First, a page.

Failures: Rain, wind, and louvers

June 1, 2021

slaton patterson FAILURES
Deborah Slaton, David S. Patterson, AIA, and Jeffrey Sutterlin, PE

This function becomes more complicated when considering wind-driven rain and the project-specific variations of magnitude, intensity, and duration of rainfall and wind speed. Since the directionality of wind-driven rain can change throughout a single storm, it is not always obvious what combination of environmental factors are contributing to water leakage in a building enclosure assembly.

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Unsealed gasketed joint in blank-off panel of louver (as viewed from the interior) resulted in water leakage during testing—daylight could be seen along the joint. Photo courtesy Jeffrey Sutterlin, WJE

One of the design strategies for resisting rainwater penetration is a drainage approach, such as a rainscreen or cavity wall system, which relies on the outer surface of the enclosure assembly to deflect rainwater, coupled with a dedicated internal drainage plane to redirect water that bypasses the outer surface back to the building exterior. This strategy is commonly understood and implemented in exterior wall assemblies, but it is also important to consider components of mechanical systems that are part of the assembly, particularly when potential exists for rainwater to flow into them. If overlooked, the overall performance of the enclosure may be compromised.

For example, the top floor of a 30-story residential tower located in the southeastern United States incorporated a mechanical penthouse housing HVAC equipment. Storm-resistant louvers were installed in the exterior wall assembly on three elevations of the penthouse to provide ducted intake air for the mechanical equipment. As the louvers were larger than the ductwork to satisfy the desired building aesthetic, metal blank-off panels were installed on the interior of the un-ducted portions of louvers.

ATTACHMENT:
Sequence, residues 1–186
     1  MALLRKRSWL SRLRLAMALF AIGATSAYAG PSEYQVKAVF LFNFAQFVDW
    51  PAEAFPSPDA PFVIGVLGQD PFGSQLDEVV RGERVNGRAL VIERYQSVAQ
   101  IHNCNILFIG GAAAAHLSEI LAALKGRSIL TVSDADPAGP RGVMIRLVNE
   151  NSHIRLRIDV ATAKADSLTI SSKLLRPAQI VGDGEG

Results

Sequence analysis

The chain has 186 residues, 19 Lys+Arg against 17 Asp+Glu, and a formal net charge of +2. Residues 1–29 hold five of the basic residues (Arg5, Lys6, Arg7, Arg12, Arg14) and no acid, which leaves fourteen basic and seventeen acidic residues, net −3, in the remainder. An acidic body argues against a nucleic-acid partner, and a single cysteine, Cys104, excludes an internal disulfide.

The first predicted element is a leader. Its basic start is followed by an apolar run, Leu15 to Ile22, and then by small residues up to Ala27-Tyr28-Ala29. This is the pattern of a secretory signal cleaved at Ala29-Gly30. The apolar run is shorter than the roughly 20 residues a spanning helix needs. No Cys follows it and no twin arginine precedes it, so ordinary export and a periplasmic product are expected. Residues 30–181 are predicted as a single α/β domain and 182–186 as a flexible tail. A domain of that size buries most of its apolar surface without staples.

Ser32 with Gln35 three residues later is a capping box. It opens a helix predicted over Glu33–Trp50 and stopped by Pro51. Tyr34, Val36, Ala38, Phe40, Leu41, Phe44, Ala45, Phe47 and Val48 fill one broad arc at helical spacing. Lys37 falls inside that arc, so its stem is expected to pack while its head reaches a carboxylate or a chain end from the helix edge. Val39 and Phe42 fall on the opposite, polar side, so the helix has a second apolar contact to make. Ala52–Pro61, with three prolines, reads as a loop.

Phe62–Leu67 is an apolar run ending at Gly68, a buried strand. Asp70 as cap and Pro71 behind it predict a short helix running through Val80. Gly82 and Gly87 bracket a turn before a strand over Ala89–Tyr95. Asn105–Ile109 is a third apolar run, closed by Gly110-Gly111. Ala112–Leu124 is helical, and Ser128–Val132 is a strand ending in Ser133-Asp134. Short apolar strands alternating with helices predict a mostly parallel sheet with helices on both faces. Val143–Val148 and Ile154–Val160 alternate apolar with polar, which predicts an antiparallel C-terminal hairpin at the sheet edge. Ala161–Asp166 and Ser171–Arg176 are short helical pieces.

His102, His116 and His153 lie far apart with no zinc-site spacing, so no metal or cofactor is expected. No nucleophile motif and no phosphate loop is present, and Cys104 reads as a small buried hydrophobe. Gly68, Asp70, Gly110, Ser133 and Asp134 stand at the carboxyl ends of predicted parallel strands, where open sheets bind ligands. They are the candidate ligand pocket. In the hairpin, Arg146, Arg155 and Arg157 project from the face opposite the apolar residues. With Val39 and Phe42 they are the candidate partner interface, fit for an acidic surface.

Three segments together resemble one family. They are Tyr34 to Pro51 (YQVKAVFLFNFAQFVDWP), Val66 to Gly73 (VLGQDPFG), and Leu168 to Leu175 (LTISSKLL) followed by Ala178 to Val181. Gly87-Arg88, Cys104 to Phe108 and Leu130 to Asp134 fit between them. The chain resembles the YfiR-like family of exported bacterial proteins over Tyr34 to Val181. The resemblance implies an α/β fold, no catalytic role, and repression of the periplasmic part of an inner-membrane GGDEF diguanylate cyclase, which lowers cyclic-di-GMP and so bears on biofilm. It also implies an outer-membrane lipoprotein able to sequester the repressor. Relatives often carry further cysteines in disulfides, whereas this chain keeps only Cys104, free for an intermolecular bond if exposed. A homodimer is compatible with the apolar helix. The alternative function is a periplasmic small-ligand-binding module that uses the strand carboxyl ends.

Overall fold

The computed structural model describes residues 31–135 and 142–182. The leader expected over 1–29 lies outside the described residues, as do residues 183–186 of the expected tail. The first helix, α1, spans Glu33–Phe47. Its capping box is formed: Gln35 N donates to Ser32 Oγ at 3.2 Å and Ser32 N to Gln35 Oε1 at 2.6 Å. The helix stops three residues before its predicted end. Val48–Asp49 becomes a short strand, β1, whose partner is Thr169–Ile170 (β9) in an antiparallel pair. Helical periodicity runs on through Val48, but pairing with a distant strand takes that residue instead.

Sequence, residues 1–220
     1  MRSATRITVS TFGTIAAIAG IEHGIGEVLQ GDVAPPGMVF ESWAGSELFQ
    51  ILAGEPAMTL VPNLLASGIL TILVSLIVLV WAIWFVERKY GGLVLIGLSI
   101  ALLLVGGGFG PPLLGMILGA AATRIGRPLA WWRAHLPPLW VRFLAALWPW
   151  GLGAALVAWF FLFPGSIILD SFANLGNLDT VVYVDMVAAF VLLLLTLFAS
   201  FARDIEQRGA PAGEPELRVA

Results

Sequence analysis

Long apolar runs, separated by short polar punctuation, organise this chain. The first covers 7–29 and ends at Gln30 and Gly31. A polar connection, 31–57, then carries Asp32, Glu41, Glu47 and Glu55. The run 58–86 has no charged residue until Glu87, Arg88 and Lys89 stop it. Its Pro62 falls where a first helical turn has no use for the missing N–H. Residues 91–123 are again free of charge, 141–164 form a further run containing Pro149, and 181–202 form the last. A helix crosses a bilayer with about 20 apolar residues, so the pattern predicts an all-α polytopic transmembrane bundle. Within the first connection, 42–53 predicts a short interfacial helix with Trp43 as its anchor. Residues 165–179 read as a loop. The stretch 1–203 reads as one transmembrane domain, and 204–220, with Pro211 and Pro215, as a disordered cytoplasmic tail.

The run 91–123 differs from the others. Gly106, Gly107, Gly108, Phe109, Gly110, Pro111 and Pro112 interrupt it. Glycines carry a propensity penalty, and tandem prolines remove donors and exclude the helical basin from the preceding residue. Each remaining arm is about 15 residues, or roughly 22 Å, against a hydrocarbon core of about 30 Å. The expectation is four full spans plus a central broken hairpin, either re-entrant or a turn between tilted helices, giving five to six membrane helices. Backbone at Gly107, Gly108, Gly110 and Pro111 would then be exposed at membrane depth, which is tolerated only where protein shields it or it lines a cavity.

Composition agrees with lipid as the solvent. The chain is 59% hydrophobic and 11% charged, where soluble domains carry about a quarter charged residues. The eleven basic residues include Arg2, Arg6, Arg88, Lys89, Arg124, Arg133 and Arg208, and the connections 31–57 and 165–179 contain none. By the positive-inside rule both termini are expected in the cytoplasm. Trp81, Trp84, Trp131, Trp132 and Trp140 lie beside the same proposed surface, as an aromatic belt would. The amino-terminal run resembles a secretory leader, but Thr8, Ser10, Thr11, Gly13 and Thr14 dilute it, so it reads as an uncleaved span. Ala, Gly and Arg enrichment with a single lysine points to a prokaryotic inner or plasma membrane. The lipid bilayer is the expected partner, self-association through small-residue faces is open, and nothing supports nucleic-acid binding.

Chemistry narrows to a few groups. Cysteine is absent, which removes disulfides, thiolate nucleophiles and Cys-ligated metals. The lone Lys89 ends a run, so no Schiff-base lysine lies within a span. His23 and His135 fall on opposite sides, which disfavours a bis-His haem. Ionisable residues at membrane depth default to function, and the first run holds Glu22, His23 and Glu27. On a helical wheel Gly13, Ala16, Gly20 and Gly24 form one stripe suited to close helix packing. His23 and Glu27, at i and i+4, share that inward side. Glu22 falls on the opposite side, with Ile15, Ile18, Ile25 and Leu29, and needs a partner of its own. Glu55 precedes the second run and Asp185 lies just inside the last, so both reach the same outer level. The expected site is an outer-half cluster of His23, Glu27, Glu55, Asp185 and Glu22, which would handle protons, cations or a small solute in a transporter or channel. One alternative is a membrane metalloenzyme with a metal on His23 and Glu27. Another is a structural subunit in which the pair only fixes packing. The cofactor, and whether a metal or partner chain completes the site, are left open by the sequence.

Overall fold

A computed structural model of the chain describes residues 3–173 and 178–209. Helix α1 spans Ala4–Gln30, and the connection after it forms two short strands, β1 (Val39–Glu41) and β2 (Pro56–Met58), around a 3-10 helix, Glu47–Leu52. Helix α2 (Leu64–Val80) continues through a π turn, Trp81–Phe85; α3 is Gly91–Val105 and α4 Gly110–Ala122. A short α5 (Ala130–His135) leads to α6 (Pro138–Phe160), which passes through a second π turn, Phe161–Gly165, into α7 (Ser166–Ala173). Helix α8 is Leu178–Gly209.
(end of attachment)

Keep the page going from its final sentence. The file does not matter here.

Although the blank-off panel assembly included a sheet metal collar fabricated with a sloped bottom (presumably intended to direct water into the weeped sill of the louver), the collar was positioned below the upper edge of the louver sill, creating a trough where water that bypassed the louver during wind-driven rain events would collect rather than draining to the building exterior. In addition, compressible open-cell foam gaskets were installed at blank-off panel joints and along the interface between the blank-off collar and louver frame. However, the foam gaskets did not achieve a continuous seal along these joints, resulting in several gaps. The use of open-cell foam gasketing with gaps suggests these gaskets were installed to reduce air flow through joints rather than to resist water penetration, perhaps indicating overreliance on the “storm resistant” designation of the louvers to mitigate water penetration.

Approximately 18 months after construction, a high-wind event with intermittent periods of heavy rain resulted in flooding of the mechanical penthouse and significant water damage at the four floors immediately below the penthouse. Upon investigation, it was determined the flooding at the mechanical penthouse was caused by the lack of watertight perimeter seals between the louver frame and blank-off panel collar, and between joints in the blank-off panels where wind-driven rain was allowed to penetrate.

Water collecting at the base of the blank-off panel also flowed into the interstitial wall cavity of the exterior enclosure, where it traveled down to the floors below. To correct this issue, the blank-off panels were modified to incorporate functional drainage provisions to redirect water bypassing the louvers back into the sill of the louver, and then to the building exterior. As well, all internal and perimeter joints in the blank-off panel assembly were sealed to prevent water penetration.

Deborah Slaton is an architectural conservator and principal with Wiss, Janney, Elstner Associates (WJE) in Northbrook, Illinois, specializing in historic preservation and materials conservation. She can be reached at dslaton@wje.com.

David S. Patterson, AIA, is an architect and senior principal with WJE’s office in Princeton, New Jersey. He specializes in investigation and repair of the building envelope. He can be reached at dpatterson@wje.com.

Jeffrey Sutterlin, PE, is an architectural engineer and associate principal with the Princeton office of WJE, specializing in investigation and repair of the building envelope. He can be reached at jsutterlin@wje.com.

The opinions expressed in Failures are based on the authors’ experiences and do not necessarily reflect that of The Construction Specifier or CSI.

Endnotes:
  1. [Image]: https://www.constructionspecifier.com/wp-content/uploads/2021/07/Photo-1-IMG_2670.jpg

Source URL: https://www.constructionspecifier.com/rain-wind-and-louvers/